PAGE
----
How many times have you been faced with the challenge of designing a cultural center? While this may seem like quite a feat, many architects have had to design a program that blends a community center with culture.

Among the projects published on our site, we have found numerous examples that highlight different responses, from flexible configurations to sites that prioritize central gathering areas for citizens and activities. See our series of 50 community centers and their plans and sections below.

Cortesía de Mecanoo© Adam Mørk© Gonzalo Viramonte© Stephan Lucas+ 148

Living in Paradise: Luxurious Homes Along the Hawaiian Coast

Hawaii has become a place that defines paradise. From pristine beaches and a warm climate to natural scenery and active volcanoes, the islands are home to incredible landscapes and culture. With indigenous and modern building styles, the state’s architecture is intimately tied to the environment. Reinterpreting historic building techniques and traditions, contemporary Hawaiian architecture balances a desire to honor the past while celebrating new experiences and modern culture. This has led to the formation of incredible spaces to live and dwell.

© Derek Skalko© Nic Lehoux© Nic Lehoux© Benny Chan+ 10

Solar Design: How Architecture and Energy Come Together

Solar design in contemporary architecture is rooted in the profession's sustainable turn. The relationship between architecture and energy is tied to both passive strategies and performance via more recent innovations in technology. As one way to begin addressing the global climate crisis and greenhouse gas emissions, solar design is reshaping cities and architecture around the world.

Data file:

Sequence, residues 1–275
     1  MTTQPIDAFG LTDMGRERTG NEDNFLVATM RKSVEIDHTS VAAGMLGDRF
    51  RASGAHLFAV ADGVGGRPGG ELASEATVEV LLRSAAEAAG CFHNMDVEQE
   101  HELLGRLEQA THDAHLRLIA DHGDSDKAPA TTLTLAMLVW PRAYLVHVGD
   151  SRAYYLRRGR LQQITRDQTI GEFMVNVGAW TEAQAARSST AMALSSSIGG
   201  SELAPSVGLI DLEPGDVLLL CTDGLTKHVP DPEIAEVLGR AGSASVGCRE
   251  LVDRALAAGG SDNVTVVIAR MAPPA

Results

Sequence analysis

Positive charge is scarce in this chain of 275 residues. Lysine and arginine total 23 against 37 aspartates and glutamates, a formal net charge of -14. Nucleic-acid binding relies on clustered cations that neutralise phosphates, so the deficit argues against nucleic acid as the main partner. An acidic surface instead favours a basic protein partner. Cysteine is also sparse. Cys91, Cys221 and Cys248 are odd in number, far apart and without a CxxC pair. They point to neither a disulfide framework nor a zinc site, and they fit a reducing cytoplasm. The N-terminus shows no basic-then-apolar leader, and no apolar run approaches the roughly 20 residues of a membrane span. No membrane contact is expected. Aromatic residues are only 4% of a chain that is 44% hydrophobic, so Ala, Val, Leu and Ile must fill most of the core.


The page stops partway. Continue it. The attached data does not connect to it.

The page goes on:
© Bruce Damonte© Ivar Kvaalvia Creative CommonsCourtesy of Tesla+ 14

West Coast Modernism: LA's New Class of Single Family Homes

Los Angeles is a city of dreams. Known across the United States and the world, L.A. embodies both freedom and experimentation, defined as much by its freeways as its diversity. It is also a city of houses. Single family homes cover almost half of Los Angeles, and as the city continues to evolve, architects have explored new ideas on modernity and daily life through the single family typology.

© Iwan Baan© Brandon Shigeta© Gregg Segal© Eric Staudenmaier+ 14

AIA California Announces 2020 Residential Design Awards

The American Institute of Architects California (AIA CA) has announced the recipients of the 2020 Residential Design Awards. With nearly 100 projects submitted, the jury recognized ten projects with honor, merit and leading edge awards. As AIA California states, the jury took many aspects into consideration, looking for "exceptional design" that represents all that California architecture has to offer.

Dawnridge by Field Architecture Inc. Image © Joe FletcherWalk-Street House by ras-a studio. Image © Joe FletcherWalk-Street House by ras-a studio. Image © Joe Fletcher222 Taylor by David Baker Architects. Image © Bruce Damonte+ 6

Monochromatic Kitchens: 3 Design Strategies with a Single Color

Apartament in Korydallos / Plaini and Karahalios Architects. Image © Nikos PapageorgiouTetrys 607 Apartament / CR2 Arquitetura. Image © Cris FarhatJade Residence / E/L Studio. Image © Pepper WatkinsApartament in Korydallos / Plaini and Karahalios Architects. Image © Nikos Papageorgiou+ 29

A monochrome environment is a space in which most architectural elements are of a single color. Although it is common for architects to design black or white monochromatic spaces due to its neutrality, it is possible to use almost any color to design a space, taking advantage of their infinite tones, undertones, and shades.

How New York City's Architecture Has Responded to National Emergencies over the Last 20 Years

New York City is the pinnacle hybrid between the vibrant and granular neighborhoods that Jane Jacobs once envisioned and the sweeping urban innovations of Robert Moses. However, its diverse population has experienced hardship over the last twenty years, forcing the city into a recursive wave of self-reflection to reevaluate the urban strategies, design trends, and global transportation methods that it had grown so accustomed to. After the September 11th and Hurricane Sandy tragedies, the delicate balance between promoting a sense of individual culture and the strength in unity that New Yorkers are so often known for served as the lifeblood for revitalization. New York City has consistently handled adversity, by always rethinking, redesigning, and rebuilding this city for a better future.

Sacramento Municipal Utility District HQ Renovation / Dreyfuss + Blackford Architecture

© Bruce Damonte© Bruce Damonte© Bruce Damonte© Bruce Damonte+ 17